A Japanese garden is unlike anything known in the West. The centuries have produced an art form which is deeply tied to religious thought. The ancient Shinto religion, Buddhism and Zen Buddhism have all helped to form a tradition of garden design which is deeply contemplative. The gardener in Japan is an artist, not a horticulturalist.
A Japanese garden is a strictly controlled garden in which the key elements of stone, water and plants are used to represent an ordered and restrained landscape.
Plants are pruned into smooth and disciplined shapes, no
The artist tries to create a figurative Japanese landscape in the garden. Japan is an extraordinarily beautiful country with snow covered mountains lifting their heads above the mist and a magnificent coastline of sheltered inlets and beaches open to the ocean. The artist in the garden, therefore, brings mountains, clouds and waves to his design and uses his key elements of stone, water and plants to represent these.
Stones and rocks play an important role. They are often regarded as sacred objects and there are many taboos about their use in the garden. They should have come from a river or a mountainside and they should be placed in the garden facing in the same direction as they did in their original position. Surrounded by small white pebbles or white sand, they rise as mountains. Large rocks are often buried deep, with less than half the rock showing above the surface. This reinforces the sense of an ancient mountain rising from the earth. The sand around the rocks is raked into ridge following ridge to represent the waves. This is very much a feature of Zen Buddhist gardens where white sand and white pebbles are seen as symbols of purity. Here alone in Japanese gardens do you find symmetry; the perfectly formed parallel waves of unmarred white sand have an almost hypnotic effect.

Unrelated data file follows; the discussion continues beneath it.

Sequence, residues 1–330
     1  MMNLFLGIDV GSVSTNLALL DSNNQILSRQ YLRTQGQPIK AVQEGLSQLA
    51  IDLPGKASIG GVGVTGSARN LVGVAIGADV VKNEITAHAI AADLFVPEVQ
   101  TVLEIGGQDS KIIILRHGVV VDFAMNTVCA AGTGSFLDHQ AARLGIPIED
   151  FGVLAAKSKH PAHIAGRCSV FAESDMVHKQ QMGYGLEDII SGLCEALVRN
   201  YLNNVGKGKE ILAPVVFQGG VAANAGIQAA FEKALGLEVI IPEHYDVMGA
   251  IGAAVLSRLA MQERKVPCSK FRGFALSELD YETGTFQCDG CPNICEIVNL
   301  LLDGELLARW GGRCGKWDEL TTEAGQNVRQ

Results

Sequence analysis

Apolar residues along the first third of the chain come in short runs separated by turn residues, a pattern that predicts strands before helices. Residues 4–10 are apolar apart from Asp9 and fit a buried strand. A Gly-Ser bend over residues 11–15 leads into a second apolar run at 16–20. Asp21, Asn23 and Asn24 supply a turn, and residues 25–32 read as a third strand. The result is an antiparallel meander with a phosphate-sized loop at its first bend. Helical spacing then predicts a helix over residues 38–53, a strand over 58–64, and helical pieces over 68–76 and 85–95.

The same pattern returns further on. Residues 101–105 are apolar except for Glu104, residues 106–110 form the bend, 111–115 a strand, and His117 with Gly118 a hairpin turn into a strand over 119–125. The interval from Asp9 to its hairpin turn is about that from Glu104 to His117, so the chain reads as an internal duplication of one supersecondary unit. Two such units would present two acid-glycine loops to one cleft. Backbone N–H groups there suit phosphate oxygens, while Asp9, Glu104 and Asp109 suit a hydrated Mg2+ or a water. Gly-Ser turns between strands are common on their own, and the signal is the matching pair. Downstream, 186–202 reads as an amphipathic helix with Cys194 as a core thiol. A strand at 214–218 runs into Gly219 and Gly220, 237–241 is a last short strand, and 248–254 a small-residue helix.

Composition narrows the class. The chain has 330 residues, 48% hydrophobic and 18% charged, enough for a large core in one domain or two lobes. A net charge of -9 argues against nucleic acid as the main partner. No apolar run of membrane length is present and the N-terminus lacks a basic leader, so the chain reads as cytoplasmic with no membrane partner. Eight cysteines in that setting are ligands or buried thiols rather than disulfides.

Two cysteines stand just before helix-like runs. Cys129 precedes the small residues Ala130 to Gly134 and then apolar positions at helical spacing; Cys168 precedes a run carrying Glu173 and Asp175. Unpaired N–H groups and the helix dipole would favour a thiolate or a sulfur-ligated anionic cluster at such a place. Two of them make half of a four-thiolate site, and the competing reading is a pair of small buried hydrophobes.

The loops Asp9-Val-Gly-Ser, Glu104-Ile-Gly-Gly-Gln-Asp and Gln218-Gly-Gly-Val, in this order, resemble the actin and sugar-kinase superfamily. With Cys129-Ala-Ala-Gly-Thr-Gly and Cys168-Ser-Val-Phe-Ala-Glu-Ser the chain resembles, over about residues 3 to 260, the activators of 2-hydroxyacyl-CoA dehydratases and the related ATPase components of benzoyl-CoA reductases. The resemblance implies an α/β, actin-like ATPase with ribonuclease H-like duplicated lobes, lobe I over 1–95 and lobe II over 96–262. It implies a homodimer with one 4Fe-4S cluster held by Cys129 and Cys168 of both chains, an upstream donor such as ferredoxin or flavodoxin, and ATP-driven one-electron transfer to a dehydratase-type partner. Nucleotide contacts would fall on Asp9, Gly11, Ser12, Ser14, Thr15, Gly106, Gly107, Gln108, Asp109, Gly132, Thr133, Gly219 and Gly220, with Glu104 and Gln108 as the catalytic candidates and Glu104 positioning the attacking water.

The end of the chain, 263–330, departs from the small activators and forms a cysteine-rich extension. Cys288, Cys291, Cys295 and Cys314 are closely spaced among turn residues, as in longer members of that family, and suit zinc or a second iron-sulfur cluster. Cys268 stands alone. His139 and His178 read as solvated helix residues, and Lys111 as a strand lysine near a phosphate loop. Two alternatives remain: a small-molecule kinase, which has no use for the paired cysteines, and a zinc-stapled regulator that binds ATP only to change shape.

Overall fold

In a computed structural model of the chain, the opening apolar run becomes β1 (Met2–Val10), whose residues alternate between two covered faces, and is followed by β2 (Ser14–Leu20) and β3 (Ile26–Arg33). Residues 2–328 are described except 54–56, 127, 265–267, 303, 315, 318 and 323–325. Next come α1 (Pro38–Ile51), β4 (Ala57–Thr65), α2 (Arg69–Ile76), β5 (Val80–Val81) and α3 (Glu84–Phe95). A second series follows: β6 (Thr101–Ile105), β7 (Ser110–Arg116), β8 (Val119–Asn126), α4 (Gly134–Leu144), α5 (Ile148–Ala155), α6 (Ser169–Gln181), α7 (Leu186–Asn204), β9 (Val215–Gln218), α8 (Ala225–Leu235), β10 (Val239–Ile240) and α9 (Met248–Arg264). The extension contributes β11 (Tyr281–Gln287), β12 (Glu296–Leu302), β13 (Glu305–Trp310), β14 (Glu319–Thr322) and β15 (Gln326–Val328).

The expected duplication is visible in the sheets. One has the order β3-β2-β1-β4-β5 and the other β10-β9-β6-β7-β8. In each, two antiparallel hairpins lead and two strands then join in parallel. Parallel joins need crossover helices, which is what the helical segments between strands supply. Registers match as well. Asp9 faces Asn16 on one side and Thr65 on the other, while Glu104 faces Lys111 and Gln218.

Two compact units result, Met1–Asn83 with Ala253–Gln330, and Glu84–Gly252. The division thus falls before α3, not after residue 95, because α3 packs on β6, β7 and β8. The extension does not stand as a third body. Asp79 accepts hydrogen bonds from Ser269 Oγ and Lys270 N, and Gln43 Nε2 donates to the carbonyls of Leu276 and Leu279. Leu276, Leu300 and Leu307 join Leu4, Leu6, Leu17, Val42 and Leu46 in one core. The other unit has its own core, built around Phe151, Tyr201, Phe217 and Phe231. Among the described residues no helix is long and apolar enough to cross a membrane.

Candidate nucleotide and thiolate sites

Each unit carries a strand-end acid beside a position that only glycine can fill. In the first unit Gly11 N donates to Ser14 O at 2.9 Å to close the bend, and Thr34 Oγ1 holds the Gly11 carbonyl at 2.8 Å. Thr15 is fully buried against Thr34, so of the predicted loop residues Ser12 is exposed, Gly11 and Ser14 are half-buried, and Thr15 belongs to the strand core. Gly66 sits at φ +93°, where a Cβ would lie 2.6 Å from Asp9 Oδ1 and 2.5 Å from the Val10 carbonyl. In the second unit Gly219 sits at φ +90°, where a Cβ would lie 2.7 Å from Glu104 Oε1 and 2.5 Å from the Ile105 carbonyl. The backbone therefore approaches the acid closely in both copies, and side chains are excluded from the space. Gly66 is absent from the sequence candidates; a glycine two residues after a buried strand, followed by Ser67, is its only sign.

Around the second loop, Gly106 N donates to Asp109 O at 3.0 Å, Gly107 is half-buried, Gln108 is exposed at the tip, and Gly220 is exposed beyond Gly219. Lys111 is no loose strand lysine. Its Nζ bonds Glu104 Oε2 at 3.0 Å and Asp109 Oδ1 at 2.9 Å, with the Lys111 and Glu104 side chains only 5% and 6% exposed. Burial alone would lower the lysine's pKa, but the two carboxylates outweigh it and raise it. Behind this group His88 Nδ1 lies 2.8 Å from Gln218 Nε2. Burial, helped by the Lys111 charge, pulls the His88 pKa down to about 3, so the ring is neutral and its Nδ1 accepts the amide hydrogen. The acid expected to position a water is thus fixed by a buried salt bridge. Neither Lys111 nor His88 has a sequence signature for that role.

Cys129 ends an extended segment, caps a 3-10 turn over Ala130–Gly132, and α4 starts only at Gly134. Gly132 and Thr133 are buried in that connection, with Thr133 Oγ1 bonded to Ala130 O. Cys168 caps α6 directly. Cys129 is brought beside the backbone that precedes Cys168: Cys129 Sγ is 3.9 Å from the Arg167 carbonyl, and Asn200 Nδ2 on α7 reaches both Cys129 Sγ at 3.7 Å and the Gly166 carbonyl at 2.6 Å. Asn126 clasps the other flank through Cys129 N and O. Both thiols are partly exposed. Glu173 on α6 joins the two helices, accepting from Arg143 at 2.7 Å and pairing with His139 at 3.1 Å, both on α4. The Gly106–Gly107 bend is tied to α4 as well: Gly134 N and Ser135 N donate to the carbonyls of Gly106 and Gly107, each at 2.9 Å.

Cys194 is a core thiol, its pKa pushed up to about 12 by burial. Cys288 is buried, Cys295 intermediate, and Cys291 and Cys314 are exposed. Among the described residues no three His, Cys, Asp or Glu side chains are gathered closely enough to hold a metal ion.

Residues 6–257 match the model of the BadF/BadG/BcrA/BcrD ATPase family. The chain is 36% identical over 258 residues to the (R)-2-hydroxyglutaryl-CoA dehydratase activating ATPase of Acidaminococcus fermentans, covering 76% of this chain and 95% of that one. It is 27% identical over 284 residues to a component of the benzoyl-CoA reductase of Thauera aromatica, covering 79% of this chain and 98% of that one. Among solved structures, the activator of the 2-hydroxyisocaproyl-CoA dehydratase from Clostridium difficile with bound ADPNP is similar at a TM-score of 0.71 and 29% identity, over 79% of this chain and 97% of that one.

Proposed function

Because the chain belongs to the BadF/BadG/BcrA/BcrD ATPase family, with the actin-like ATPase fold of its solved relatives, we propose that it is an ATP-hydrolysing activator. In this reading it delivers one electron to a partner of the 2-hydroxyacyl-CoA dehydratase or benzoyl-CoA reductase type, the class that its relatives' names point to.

Water fills ponds which are shaped to resemble clouds or stretches of coast, with inlets and headlands. A rocky island in a pond can be a landscape within a landscape, carefully designed with twisted miniature trees and moss-covered stones to give a new perspective.
Plants in a Japanese garden are not very varied. There is no interest in finding new varieties. The plants are there as architectural elements. The only flowers, apart from those on flowering trees and shrubs, are likely to be chrysanthemums in pots. The shrubs are carefully pruned and clipped to become part of the landscape, as waves, or clouds, or mountains. They are a complement to the stones. The result is extraordinarily restful. The gardens which have no trees have no seasonal changes. They represent a never-changing ethos.
In gardens with flowering trees, however, spring and autumn are both times for celebration. Blossom-gazing is, of course, a Japanese passion, with festivals every year for the almond and peach and cherry blossom. The cherry tree alone is not pruned, but is allowed to grow naturally. The others are pruned back hard and flower on new shoots each year because even the trees are controlled and disciplined â well-behaved trees. In autumn brightly coloured leaves are left to lie on the moss under the trees; they never form the great untidy wind blown mounds of the western gardens. These are tidy leaves.
The charm of Japanese garden design has long been recognised elsewhere and attempts to recreate the design are not unusual, particularly in North America. Although there are notable exceptions, somehow it is never quite the same. Possibly the complex nature of the design is not understood. It is not enough to have some stones, a pond, some sand and a Japanese maple. The inner meaning is lacking, perhaps because the stones are not sacred stones and the western mind finds eastern contemplation rather bewildering.